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More favorite films
July 29, 2013 - Mike Donahey
A recent viewing of “Star Trek, Into the Darkness," prompted me to think about some of my all time favorite films. While “Darkness” was entertaining, it didn’t crack my all-time list. Below are just a few of my favorites alphabetically with year released and a brief commentary or description.
“Chariots of Fire" (1981) Not just a movie about runners. This British film tackles anti-Semitism, class distinctions and examines one man’s struggle to uphold tenets of his Christian faith against tough odds. Won four Oscars, including Best Picture. Vangelis’ dynamic score makes the film exemplary.
"Chinatown" (1974) Jack Nicholson gave one of his best performances ever in this classic. Set in pre-World War II Los Angeles, director Roman Polanski took viewers on a roller-coaster ride of corruption, intrigue, murder and mystery. Nicholson's work is complimented with similar efforts by Faye Dunaway and John Huston. Musical score perfectly captured the mood and Robert Towne's screenplay was a gem.
“High Plains Drifter” (1973) Not as well known as other Eastwood films, which is a shame. Eastwood directed and starred, playing a ghost-like drifter in town for revenge. He gets it and more.
"On the Waterfront" (1954) An American classic, with dynamic performances by Marlon Brando, Lee J. Cobb, Karl Malden and Rod Steiger. Director Elia Kazan expertly portrayed the tough, bare-knuckle world of life on the docks with a no holds barred look at union tactics and violence. One of the American Film Institute's best 100 films.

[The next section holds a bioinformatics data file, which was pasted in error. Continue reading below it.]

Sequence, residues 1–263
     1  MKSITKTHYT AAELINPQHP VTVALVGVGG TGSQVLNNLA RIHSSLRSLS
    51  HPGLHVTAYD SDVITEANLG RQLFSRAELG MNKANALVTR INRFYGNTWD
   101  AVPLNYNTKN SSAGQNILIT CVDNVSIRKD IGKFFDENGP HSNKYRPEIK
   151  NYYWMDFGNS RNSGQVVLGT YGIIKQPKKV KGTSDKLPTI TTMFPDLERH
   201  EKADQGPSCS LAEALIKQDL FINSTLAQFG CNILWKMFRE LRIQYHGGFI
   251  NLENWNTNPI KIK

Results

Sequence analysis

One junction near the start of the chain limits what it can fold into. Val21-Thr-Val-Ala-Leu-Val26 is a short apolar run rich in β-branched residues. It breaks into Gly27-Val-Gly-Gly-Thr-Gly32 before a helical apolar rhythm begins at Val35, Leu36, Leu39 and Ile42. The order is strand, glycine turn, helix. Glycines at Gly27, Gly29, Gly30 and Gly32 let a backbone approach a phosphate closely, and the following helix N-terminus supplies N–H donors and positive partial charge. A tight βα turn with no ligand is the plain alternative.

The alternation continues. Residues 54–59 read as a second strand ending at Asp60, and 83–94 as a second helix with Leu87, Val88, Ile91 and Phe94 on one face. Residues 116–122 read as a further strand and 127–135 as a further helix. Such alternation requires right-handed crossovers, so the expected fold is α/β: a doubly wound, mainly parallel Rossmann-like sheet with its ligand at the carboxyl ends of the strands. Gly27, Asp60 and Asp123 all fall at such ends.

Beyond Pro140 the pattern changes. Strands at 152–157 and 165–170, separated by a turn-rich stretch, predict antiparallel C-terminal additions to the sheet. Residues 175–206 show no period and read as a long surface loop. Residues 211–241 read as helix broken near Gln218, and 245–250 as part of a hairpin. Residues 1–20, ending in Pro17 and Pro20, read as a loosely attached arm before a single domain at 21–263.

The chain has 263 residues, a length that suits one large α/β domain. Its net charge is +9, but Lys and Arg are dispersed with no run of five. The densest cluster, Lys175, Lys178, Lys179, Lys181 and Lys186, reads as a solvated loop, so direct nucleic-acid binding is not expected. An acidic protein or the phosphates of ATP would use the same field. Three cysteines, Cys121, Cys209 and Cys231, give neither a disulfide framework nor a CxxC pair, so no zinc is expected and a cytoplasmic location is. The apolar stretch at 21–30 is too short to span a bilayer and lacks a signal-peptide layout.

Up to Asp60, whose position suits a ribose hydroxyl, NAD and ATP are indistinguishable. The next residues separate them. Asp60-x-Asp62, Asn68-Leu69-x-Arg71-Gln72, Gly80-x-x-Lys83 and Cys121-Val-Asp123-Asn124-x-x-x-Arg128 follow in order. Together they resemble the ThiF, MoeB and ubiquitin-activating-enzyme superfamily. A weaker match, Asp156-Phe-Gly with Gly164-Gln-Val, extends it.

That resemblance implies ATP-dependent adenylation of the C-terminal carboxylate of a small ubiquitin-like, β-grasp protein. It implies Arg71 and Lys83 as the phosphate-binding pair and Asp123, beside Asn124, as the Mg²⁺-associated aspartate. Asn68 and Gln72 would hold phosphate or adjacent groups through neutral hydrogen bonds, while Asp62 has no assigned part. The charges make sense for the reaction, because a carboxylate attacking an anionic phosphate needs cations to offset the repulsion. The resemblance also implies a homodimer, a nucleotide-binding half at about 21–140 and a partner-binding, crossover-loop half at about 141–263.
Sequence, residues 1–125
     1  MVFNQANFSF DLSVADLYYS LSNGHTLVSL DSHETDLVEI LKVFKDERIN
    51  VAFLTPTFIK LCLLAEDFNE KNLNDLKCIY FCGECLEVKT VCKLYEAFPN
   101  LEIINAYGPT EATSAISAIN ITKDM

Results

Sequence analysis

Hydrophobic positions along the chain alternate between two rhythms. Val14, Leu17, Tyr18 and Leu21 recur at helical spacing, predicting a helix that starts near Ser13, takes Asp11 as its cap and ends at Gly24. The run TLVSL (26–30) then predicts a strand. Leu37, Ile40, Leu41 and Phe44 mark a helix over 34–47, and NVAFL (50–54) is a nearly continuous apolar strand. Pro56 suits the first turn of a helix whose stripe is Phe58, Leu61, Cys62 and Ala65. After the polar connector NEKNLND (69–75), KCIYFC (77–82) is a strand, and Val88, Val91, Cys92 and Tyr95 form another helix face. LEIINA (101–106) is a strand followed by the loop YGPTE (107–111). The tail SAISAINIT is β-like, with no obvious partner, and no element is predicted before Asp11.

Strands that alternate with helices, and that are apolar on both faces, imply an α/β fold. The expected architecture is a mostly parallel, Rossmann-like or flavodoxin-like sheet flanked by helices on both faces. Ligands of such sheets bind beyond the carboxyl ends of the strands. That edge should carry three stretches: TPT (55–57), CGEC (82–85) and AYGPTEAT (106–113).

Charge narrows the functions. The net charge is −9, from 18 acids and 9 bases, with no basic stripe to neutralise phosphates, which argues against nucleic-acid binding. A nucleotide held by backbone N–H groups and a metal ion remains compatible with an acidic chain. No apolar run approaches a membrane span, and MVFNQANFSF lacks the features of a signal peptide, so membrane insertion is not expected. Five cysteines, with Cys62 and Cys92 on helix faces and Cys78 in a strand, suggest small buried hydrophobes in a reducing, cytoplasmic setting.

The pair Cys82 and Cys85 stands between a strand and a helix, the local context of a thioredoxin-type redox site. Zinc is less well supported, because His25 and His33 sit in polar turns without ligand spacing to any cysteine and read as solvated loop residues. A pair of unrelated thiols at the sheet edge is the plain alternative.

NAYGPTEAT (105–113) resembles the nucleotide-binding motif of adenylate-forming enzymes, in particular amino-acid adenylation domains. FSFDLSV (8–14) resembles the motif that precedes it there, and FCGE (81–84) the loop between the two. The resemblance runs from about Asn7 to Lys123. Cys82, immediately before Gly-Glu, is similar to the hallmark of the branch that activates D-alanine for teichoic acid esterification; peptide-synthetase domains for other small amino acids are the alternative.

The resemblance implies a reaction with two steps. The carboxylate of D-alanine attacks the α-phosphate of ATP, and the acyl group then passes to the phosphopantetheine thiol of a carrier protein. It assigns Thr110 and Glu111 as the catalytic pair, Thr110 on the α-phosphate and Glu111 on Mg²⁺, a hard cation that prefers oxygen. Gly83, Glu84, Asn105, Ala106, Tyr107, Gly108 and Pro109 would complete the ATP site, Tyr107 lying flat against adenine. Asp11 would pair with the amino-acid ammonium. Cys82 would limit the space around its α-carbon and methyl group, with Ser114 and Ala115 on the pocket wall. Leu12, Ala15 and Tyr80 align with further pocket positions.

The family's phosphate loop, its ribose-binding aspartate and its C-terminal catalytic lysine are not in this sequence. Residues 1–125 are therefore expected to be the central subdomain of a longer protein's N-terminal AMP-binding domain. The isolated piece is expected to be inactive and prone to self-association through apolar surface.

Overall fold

“Sling Blade” (2006) Billy Bob Thornton directed, wrote and starred in this drama set in rural Arkansas. Thornton portrayed a mentally-impaired man who is released from a psychiatric hospital after years of confinement for a crime. Upon return to society, he befriends a boy, longing for his late father. Thornton won an Oscar for best screenplay and was nominated for Best Actor in a Leading Role. Country recording artist Dwight Yoakam and late actors J.T. Walsh and John Ritter were joined by Robert Duvall and Lucas Black.
“The Aviator” (2004) Martin Scorsese's best film. An all-star cast headed by Alec Baldwin, Kate Beckinsale, Cate Blanchett and Leonardo DiCaprio explore the angst of genius inventor and recluse Howard Hughes. Blanchett won Oscar for Best Actress. DiCaprio should have won an Oscar for portrayal of Hughes. He did win a Golden Globe for it though.
“The Wild Bunch” (1969) Director Sam Peckingpah's top of the shelf western. Extremely controversial when released due to violent content. However, contemporary viewers and critics wouldn't think twice about such scenes now. Aging outlaws come to terms with a changing west set against a bank heist goes bad. Ernest Borgnine, William Holden and Robert Ryan star.
Others: "Being There" "Fargo," "Ghost Writer" “Lincoln,” "Psycho" "Saving Private Ryan,” "The Departed," “The Good, The Bad and the Ugly,” “The Godfather," "The Godfather, Part II” and “O Brother, Where Art Thou?”